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The Effects Of Thinking On Human Stress And Depression

897 words - 4 pages

In act two, scene two of Hamlet, Prince of Denmark, William Shakespeare wrote: “There is nothing either good or bad, but thinking makes it so” (Shakespeare & Edwards, 1985, p. 53). This phrase, spoken by the character Hamlet, is done so to express to his two close friends how Denmark feels like a prison to him, but may not feel so to them. It means that there is no concrete concept of good and bad, and that what is good, and what is bad, is defined subjectively by ourselves. The two terms are only common labels that are used to describe mental associations, that may vary from person to person. While it might be argued that there are some events that are collectively considered to be bad, ...view middle of the document...

Charleton (1992) provides a useful definition of stress as a general medical label that is used to describe various stimuli, and human responses to them. He concludes that stress works much like a cause and effect relationship, that there is an objective life event, and a subjective emotional response to it. Stress then, is only the result of how we interpret these events individually. Ceasing to view events negatively will result in reduced stress, whereas continuing to do so will result in continuos, if not increased levels of stress, which according to Monroe and Reid (2009) is a leading cause of depression - one of the most debilitation mental diseases.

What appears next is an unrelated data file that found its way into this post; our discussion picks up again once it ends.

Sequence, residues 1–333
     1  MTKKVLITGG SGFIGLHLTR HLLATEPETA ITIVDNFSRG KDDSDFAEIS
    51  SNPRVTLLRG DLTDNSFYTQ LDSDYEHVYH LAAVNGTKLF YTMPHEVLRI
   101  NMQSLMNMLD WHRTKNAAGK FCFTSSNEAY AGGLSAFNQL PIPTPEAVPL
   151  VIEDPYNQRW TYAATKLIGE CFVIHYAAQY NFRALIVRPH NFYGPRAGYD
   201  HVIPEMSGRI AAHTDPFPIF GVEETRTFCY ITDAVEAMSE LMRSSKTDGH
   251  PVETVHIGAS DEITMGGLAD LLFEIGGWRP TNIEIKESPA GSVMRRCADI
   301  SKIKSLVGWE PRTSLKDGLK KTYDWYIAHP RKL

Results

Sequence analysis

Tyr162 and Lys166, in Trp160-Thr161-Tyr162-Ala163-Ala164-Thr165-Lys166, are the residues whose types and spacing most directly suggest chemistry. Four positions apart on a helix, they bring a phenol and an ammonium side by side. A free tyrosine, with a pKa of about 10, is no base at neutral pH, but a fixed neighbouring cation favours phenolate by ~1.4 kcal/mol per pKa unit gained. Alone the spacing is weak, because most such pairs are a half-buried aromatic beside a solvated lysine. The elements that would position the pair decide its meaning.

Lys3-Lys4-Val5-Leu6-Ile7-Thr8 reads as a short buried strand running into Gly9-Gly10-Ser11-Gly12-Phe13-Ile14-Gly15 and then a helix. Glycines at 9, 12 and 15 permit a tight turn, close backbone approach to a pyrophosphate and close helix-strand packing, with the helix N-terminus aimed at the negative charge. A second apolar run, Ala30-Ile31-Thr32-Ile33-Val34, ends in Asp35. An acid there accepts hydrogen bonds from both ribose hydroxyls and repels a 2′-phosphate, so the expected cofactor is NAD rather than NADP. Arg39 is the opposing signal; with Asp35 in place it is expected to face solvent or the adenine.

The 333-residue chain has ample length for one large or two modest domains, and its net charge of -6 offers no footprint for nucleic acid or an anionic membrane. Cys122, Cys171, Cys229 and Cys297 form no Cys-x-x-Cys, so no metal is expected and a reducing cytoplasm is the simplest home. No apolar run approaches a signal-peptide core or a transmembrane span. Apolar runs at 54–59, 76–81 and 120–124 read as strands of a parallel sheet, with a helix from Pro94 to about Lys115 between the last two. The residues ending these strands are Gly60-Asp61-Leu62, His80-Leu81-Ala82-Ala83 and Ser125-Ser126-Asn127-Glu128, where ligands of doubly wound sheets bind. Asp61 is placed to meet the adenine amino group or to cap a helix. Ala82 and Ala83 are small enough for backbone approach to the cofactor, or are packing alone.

These ideas were imperative to the work of psychotherapist Albert Ellis - a leader in the field of Cognitive-Behavioral Therapy. The ideas behind much of his work stemmed from the from the work of the ancient philosopher Epictetus (Schatzman, 2007), a quote from whom appears on the Albert Ellis Institute website: “People are not disturbed by things, but by the view they take on them.” Ellis developed Rational Emotive Behavioral Therapy, and preached that negative behavior was solely the result of negative thinking. The goal behind his method was to eliminate his client’s maladaptive behaviors, and make them behave rationally by altering their thought patterns. This therapy is still prevalent when treating depression. “Not only can CBT relieve acute distress, but it also appears to reduce risk for the return of symptoms as long as it is continued or maintained. Moreover, it appears to have an enduring effect that reduces risk for relapse or recurrence” (Hollon, Markowitz, &...

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